With no chairlifts — just a couple of T-bars and a beginner’s tow — this is a low-key but great resort. Built by loggers 35 years ago and run by a local co-op today, Mount Cain’s open weekends and select Mondays only, which means you’re practically guaranteed fresh powder on its 21 runs.

To make a holiday of your Vancouver Island stay, you could mix up your ski destinations with stays at both Mount Cain and Mount Washington Alpine Resort, or spend midweek surfing in Tofino; the swell’s typically at its best and most consistent in winter. Just remember your booties.

Don’t expect mediocre $20 burgers on the hill. Head to the Cain Cafe for housemade huevos rancheros, organic coffee, and locally-brewed kombucha. Friday night is jam night at the lodge. Stay by the hill one of the half dozen cabins, or at the hostel-style accommodations to get in on the action.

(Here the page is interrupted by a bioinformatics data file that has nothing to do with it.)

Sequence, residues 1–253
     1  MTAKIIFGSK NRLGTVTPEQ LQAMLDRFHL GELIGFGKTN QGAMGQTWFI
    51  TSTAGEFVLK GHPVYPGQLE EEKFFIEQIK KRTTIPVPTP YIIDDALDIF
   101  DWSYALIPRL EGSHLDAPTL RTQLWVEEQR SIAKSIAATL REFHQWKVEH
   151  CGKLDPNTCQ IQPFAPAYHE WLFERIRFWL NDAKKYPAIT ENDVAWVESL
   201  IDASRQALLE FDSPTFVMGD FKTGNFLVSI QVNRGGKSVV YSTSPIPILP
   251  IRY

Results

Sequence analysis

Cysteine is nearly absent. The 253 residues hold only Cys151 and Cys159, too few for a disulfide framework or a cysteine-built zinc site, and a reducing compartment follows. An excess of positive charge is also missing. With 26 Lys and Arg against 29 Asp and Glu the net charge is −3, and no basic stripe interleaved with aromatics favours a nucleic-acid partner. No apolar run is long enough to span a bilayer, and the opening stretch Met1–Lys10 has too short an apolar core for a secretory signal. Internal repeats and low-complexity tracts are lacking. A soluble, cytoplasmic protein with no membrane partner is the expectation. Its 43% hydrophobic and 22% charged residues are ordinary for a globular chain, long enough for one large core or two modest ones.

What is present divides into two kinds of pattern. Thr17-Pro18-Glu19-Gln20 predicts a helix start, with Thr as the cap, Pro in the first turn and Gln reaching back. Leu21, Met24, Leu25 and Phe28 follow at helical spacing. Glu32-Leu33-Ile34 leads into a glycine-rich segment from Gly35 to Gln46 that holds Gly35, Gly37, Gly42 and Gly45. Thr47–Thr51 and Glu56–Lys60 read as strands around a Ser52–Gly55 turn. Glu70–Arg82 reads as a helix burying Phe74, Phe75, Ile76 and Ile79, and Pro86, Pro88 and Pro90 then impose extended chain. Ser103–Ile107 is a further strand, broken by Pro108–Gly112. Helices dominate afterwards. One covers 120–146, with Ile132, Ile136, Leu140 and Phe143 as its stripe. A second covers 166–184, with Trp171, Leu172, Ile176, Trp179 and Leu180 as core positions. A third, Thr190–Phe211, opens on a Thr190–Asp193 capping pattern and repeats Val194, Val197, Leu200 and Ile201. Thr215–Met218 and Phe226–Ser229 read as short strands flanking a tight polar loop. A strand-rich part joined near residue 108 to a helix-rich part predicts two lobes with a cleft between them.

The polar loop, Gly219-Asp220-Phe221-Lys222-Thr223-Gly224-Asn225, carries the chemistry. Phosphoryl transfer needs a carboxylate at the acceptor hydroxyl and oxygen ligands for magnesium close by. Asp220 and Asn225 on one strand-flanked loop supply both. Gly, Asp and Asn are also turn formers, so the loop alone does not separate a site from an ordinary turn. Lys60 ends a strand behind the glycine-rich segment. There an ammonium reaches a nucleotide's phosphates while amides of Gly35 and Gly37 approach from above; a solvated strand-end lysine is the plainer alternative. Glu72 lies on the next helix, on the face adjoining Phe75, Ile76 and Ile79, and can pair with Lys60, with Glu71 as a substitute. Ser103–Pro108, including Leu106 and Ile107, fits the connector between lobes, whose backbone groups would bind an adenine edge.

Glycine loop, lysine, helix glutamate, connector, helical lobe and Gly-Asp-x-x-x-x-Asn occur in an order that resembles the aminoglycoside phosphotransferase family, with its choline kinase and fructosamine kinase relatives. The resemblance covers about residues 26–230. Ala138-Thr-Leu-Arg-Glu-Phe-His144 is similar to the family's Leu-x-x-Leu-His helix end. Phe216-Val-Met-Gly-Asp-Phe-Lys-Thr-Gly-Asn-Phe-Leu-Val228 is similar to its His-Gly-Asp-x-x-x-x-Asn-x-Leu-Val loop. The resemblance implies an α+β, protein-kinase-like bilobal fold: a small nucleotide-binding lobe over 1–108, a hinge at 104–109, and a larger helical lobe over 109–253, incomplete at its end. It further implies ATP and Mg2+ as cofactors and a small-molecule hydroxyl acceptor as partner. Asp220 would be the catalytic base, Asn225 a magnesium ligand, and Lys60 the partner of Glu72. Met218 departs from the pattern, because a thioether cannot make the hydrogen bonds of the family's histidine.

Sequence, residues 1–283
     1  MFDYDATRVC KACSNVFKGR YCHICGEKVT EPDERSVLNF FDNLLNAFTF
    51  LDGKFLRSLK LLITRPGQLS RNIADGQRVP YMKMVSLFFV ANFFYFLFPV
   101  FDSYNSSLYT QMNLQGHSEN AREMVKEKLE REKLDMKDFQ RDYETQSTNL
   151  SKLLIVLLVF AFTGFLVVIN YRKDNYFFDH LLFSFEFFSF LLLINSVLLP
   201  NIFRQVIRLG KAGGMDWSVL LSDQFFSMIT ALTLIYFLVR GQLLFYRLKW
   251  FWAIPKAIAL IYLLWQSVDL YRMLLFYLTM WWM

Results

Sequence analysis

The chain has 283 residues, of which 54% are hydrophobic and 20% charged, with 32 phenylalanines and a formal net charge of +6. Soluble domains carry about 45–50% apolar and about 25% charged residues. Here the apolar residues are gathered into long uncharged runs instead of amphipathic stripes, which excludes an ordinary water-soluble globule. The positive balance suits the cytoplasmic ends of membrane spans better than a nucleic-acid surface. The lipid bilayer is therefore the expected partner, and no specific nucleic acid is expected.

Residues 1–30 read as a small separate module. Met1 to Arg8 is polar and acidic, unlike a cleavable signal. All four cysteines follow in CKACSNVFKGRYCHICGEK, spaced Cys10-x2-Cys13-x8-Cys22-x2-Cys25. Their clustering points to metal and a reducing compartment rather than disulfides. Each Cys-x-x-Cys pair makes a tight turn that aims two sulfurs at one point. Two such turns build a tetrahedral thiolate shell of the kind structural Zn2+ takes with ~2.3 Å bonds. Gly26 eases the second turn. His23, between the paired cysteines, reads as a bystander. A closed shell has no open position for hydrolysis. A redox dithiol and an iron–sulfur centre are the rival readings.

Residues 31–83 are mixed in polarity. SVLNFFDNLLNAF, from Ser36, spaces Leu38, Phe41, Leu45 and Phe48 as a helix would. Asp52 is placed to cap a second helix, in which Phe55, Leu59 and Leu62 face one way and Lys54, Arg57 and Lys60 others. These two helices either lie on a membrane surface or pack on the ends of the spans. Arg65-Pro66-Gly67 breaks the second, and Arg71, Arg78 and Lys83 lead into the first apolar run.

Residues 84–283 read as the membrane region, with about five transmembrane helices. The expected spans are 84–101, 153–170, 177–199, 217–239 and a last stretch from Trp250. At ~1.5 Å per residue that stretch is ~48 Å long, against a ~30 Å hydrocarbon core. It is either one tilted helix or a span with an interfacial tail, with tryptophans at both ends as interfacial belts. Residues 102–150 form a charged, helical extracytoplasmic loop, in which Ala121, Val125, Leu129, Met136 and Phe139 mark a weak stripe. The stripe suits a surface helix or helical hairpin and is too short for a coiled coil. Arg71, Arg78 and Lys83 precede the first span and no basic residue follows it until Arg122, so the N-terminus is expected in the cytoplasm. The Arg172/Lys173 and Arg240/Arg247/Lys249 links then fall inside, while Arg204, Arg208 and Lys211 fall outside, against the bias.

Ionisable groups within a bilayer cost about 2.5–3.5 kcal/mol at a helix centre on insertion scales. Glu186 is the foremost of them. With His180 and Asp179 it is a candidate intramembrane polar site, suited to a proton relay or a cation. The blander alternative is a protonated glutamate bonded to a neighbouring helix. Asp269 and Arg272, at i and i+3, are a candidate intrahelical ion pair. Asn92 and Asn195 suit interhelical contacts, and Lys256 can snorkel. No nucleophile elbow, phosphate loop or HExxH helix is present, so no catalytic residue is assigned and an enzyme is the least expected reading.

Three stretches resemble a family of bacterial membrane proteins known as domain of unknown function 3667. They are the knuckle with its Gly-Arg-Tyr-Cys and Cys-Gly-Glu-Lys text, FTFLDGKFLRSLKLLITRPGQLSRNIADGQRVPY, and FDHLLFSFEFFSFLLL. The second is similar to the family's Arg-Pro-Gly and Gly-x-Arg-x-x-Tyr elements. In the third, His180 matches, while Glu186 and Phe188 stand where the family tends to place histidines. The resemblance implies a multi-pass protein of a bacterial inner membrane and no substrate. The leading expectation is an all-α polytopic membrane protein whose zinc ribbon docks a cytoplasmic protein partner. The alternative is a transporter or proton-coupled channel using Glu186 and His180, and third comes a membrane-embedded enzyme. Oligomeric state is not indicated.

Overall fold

Day pass: $49.50, though check the website as prices are subject to change.


Castle Mountain Resort

Directly across the Continental Divide from Fernie, southwest Alberta’s Castle Mountain is known for its long, steep runs: The Desperado is the most continuous vertical ski run on the continent, with 1,700 vertical feet at 38 degrees. Lots of people love how much they can practice their turns here, but — even though there are a couple of green runs and a little bunny slope — this probably isn’t the ideal hill for taking little kids or beginners. Saying that, intermediates and above will love it here. Expect no high-speed lifts and no quaint resort village, no glitz and also, no lines. Instead — 78 trails, 8 alpine bowls, and an average 9 meters of snow each year.

This is one of the windiest spots in Canada, and that’s a good thing. Those Chinooks often whip up the powder and cover old tracks on the runs.